We will be skiing. As for our guests, it is a personal choice.

  8. Gerald Rehkugler says:

    If the virus is still very active I’ll ski if I can still practice CDC guidelines at the time. As long as I wear a mask and have opportunity to social distance I’ll be there. I’m hoping there will be adaptation to keep this 85 year old safe. I haven’t that many years left to wait out a season!

  9. Elizabeth Seiler says:

    My husband and I (83 and 77 years old) plan to ski this coming winter if there is not a serious outbreak. The resorts should follow physical distance requirements in food service area, ticket purchase, and in lift Lines allowing people to ride single if they choose. If not in a booth, lift operators should wear a mask. Inside the lodge. employees and guest should be required to wear masks Except in the specified eating area with tables being continually disinfected. An area Identified for seniors only for equipment and on/off of boots. Beyond this person are responsible to do what they think is necessary to stay protected.

  10. Scott Jimmerson says:

    The areas need to open up as usual. The “scientists” say being outside is safer than inside. Small print on passes and tickets telling purchaser that the ski area is not responsible for buyer getting China virus. Ski at your own risk, as usual. With global warming quickly creeping up on us, we only have a couple more years of skiing left anyway. I’m waxing.

    • Steve masse says:

      Do you believe, really believe that global warming is so quick that there will be zero snow at ski areas inside say 10 yrs? I can’t believe that anyone would believe that.

      • Scott Jimmerson says:

        Hi Steve….I should have phrased my comments better. I believe in global warming and global cooling all caused by solar cycles, not the very tiny amount of human produced carbon dioxide. There, that’s better.

    • I love the way you put “scientists” in quotes, like they are some sort of mythical beast. Much better to take our cues from a realty show huxter who seems to know everything.

  11. Just open.
    I’m sure we’ll follow what ever requirements there might be, but we can only do that if the resorts open.

  12. Ed Schultz says:

    I’m skiing but glad I go to smaller areas with tbars, smaller lifts etc. But let’s see what happens with the science and medical developments. To Tim Hudson I’d say part of the reason so many have died is because our healthcare system especially for minorities & the poor is lacking. And yes media should be prioritizing this. Government needs a heads up too.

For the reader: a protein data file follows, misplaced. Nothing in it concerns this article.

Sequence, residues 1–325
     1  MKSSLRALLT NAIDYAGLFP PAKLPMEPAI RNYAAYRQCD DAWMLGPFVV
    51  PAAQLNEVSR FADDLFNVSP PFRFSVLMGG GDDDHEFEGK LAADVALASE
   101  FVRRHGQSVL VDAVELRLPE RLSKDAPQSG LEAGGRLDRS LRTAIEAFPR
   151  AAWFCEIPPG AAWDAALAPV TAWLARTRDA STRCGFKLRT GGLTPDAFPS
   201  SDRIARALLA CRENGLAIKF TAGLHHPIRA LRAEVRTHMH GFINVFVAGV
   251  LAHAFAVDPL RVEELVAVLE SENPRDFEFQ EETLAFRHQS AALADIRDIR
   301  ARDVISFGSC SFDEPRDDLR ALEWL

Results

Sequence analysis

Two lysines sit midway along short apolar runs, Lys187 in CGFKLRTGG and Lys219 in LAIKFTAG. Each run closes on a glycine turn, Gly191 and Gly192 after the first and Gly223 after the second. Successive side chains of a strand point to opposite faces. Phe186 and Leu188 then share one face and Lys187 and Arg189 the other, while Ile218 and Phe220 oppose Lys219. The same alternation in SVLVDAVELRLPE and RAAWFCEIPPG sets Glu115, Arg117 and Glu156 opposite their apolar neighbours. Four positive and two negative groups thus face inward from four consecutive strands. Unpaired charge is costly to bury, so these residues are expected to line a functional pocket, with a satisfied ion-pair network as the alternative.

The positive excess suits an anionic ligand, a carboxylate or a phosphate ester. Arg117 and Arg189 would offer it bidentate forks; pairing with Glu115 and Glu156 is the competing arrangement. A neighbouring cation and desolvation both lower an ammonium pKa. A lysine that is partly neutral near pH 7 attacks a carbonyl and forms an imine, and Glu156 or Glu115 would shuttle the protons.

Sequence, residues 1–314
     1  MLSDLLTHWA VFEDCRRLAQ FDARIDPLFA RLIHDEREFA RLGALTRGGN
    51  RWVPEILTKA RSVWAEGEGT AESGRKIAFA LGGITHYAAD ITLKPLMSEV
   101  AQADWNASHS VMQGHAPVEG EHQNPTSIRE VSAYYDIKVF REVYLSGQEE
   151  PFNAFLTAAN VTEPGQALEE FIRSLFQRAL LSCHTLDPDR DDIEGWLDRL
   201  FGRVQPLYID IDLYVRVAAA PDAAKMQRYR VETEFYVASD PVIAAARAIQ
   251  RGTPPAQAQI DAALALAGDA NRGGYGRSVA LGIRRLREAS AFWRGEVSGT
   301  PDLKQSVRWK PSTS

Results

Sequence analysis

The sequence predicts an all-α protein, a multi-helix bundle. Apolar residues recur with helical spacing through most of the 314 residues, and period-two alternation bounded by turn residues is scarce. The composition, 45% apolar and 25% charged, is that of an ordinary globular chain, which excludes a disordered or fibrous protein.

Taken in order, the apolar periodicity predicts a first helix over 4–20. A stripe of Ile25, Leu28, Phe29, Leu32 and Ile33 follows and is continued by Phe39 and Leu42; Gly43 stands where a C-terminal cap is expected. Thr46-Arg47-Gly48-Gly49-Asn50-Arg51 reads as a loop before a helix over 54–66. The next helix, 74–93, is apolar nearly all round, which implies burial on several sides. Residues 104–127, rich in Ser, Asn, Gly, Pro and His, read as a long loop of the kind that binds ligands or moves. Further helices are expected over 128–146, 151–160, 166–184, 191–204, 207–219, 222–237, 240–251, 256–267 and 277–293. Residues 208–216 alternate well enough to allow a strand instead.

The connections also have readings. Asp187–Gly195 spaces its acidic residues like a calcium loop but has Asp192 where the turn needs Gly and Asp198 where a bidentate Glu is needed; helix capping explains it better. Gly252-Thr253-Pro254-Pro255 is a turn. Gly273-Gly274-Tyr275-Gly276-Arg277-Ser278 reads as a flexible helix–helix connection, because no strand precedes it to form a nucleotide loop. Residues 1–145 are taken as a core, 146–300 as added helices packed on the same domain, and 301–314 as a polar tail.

13. Here in Oregon Timberline reopened for the last 3 weeks of the season. They have instituted several changes, the main one is limiting the number of riders by having a reservation system. No reservation no ticket. Also ride the chair with your party or ride alone. Everybody must wear masks in the lodge and in the lift lines. Food to go only and eat outside or in your car.

    • Connie Grodensky says:

      Here at Mt. Bachelor, in Oregon, they opened from 5-15 through 5-24, with only 500 passholders each day allowed up. Those 500 people got to ski each day with proper social-distancing methods put in place along with no food or beverage service, only restrooms open in the lodge, and restricted parking at the lodge. I was not one of those as there were only two lifts open, marginal snow and not worth the risk of being injured at this late day in the non-season! I will wait until next winter to enjoy my sport, however it is presented. We will purchase our season passes as usual, with a credit on our accounts from THIS season, and ski as usual.

  14. Nashville Katz says:

    Outdoors. Cold. I am wearing a mask and goggles anyway. It’s a personal decision, with all the concomitant risks. I am looking forward to my first year as a 65+ skier. And, I will not be avoiding people completely 6 months from now…I don’t avoid them now, just careful. By then, I should be back at my job in NYC…if that doesn’t Covid me, then skiing won’t.
    Ski large areas during the week, and there are no lift lines anyway.

  15. If the resorts open, I will be there.

  16. Bought my passes, will be there if they are open.

    Would like to see reduced density in the lodges, fewer people on a chair. Kind of worried about riding the gondolas though. Plan to do more on the mountain lunches from the back pack. Adding yerts/tents for increased covered lodge seating might be a partial answer.

    Personal defense for insuring a ski season. Went and scoped out several drive to ski lines where several people and a pick-up truck could put down a nice day of skiing. If still breathing, I will ski.

  17. James W Barber says:

    Ski at smaller ski areas a.k.a. Retro areas like Mt. Baldy B.C.

  18. Peter Burkett says: